962 F2d 8 United States of America v. Williams
962 F.2d 8
UNITED STATES OF AMERICA, Plaintiff-Appellee,
Randolph WILLIAMS, Defendant-Appellant.
United States Court of Appeals,
Submitted: May 4, 1992
Decided: May 15, 1992
NOTICE: Fourth Circuit I.O.P. 36.6 states that citation of unpublished dispositions is disfavored except for establishing res judicata, estoppel, or the law of the case and requires service of copies of cited unpublished dispositions of the Fourth Circuit.
Allen Bethea Burnside, Federal Public Defender's Office, Columbia, South Carolina, for Appellant.
William Corley Lucius, Assistant United States Attorney, Greenville, South Carolina, for Appellee.
Before HALL, WILKINS, and WILLIAMS, Circuit Judges.
Randolph Williams pled guilty to one count of being a felon in possession of a firearm in violation of 18 U.S.C.A.s 922(g)(1) (West Supp. 1991). He was sentenced to twenty-seven months in prison, a supervised release term of three years, and fined a special assessment of $50. He appealed and his attorney filed a brief pursuant to Anders v. California, 386 U.S. 738 (1967). Williams has filed a supplemental brief and moved for appointment of new counsel. Finding no error, we affirm.
In his brief on appeal, Williams's attorney suggests that two prior offenses should have been considered "related" crimes for sentencing purposes under United States Sentencing Commission, Guidelines Manual, § 4A1.2(a)(2) (Nov. 1989). The commentary suggests that prior sentences are related if they occurred on the same occasion, or were part of a single scheme, or were consolidated for trial or sentencing. U.S.S.G. § 4A1.2, comment. (n.3). Though Williams had filed an objection to the presentence report on this issue he withdrew this objection during the sentencing hearing after the district judge indicated he was not inclined to depart from the guidelines range.
Appellate review of a sentence is waived when the defendant fails to object to the sentence calculation at the district court level. United States v. Tibesar, 894 F.2d 317, 319 (8th Cir.), cert. denied, 59 U.S.L.W. 3245 (U.S. 1990). Williams waived appellate review of this issue unless the district court committed plain error. We find no plain error. See United States v. Rivers, 929 F.2d 136, 139-40 (4th Cir.), cert. denied, 60 U.S.L.W. 3359 (U.S. 1991); United States v. Flores, 875 F.2d 1110, 1114 (5th Cir. 1989).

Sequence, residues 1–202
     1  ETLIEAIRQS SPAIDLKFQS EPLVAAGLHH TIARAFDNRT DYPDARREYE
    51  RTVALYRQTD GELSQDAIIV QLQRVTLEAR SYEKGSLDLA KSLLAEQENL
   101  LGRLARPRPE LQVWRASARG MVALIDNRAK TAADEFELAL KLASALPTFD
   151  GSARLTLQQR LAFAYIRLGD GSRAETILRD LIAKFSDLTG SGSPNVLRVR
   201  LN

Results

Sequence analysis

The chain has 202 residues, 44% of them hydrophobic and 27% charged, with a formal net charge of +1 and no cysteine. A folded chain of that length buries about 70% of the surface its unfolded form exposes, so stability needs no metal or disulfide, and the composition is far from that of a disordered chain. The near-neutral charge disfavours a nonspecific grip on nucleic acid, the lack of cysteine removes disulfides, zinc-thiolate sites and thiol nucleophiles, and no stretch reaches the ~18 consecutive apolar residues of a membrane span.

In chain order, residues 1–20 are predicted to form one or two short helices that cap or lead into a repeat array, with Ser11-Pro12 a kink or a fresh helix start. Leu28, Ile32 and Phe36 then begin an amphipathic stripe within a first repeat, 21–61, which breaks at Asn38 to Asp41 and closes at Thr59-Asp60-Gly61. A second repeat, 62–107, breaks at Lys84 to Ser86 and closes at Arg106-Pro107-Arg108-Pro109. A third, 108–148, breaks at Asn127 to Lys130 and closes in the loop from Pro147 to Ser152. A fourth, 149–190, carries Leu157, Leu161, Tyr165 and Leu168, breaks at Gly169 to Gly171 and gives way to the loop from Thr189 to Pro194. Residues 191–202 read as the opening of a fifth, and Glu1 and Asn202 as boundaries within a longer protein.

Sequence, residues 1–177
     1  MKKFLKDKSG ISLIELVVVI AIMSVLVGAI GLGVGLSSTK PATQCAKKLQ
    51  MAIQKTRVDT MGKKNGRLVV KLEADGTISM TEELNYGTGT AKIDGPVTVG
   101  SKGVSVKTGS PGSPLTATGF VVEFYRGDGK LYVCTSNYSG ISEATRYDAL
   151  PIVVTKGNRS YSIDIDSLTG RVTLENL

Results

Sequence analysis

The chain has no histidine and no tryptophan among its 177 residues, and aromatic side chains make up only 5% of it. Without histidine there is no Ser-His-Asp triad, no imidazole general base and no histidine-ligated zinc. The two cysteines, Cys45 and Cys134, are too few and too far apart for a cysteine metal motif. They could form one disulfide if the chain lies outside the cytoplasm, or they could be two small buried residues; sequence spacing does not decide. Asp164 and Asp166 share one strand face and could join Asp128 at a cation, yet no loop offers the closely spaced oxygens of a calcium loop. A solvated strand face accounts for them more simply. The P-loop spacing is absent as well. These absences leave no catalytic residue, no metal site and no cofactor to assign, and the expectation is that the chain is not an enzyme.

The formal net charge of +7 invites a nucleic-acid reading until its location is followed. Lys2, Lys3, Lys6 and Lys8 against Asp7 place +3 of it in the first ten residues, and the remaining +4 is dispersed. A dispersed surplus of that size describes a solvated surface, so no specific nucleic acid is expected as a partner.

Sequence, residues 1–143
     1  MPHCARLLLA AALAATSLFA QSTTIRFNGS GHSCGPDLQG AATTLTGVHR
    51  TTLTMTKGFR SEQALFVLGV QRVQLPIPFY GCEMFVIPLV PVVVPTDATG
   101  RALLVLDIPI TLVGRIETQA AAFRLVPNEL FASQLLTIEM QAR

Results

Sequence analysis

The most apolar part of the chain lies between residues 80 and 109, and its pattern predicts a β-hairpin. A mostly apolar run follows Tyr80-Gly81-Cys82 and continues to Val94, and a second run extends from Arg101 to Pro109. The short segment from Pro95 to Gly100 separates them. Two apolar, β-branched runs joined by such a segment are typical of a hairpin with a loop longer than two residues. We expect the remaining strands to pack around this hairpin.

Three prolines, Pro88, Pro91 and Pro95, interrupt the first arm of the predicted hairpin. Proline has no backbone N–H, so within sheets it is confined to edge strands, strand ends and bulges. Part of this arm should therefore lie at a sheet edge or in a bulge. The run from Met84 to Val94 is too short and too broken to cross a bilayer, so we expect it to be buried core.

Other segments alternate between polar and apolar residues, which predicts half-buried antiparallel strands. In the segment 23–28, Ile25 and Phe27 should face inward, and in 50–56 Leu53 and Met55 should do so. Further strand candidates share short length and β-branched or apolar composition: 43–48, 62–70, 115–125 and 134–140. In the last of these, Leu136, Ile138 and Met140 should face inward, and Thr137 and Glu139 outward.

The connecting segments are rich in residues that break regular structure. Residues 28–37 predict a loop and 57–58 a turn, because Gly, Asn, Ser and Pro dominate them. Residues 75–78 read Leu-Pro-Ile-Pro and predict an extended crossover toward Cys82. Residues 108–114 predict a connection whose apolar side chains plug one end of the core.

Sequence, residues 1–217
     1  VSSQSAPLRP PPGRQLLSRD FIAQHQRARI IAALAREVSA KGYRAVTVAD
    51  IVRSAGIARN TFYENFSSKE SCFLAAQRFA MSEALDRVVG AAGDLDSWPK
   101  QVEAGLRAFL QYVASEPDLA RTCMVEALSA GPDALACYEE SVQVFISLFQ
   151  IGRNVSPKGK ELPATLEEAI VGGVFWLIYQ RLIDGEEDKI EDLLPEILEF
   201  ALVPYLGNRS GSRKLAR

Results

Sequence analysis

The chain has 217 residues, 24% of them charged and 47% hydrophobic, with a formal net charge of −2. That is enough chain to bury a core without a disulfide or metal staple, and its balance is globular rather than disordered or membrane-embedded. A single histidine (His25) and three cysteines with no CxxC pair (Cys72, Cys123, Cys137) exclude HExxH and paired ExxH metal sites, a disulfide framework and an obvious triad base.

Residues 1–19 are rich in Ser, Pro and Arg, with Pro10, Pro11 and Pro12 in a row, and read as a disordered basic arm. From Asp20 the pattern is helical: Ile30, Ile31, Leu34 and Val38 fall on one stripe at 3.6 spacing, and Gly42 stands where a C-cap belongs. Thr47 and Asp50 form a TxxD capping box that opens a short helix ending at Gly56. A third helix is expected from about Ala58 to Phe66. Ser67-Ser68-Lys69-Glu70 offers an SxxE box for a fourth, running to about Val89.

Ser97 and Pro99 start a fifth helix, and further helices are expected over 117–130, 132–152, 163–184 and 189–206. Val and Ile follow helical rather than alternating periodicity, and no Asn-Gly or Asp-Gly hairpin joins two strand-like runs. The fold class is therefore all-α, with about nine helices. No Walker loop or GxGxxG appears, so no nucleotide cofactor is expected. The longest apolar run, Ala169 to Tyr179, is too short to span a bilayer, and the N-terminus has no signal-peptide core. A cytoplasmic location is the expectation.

Williams's attorney raised no other issues. Williams claims that he should be given credit for home detention prior to sentencing. The Supreme Court ruled recently that the Attorney General of the United States computes any credit for time spent in official detention prior to commencing a federal prison term under 18 U.S.C.s 3585(b) (1988). United States v. Wilson, 60 U.S.L.W. 4244 (U.S. 1992). Therefore, this claim is without merit.
Williams also claims that his trial attorney misinformed him about the applicable guidelines range. The record does not support this claim of ineffective assistance of counsel. Therefore, it is not cognizable on direct appeal but must be brought under 28 U.S.C. § 2255 (1988). United States v. Fisher, 477 F.2d 300, 302 (4th Cir. 1973).
In accordance with Anders, we have independently examined the entire record in this case and find no other meritorious issues for appeal. We, therefore, affirm the judgment of the district court. We deny Williams's motions for substitution and appointment of counsel.
Pursuant to the plan adopted by the Fourth Circuit Judicial Council to implement the Criminal Justice Act of 1964, 18 U.S.C. § 3006A, this Court requires that counsel inform his client in writing of his right to petition the Supreme Court for further review. If requested by his client to do so, counsel should prepare a timely petition for a writ of certiorari.
We dispense with oral argument because the facts and legal contentions are adequately presented in the materials before the Court and argument would not aid the decisional process.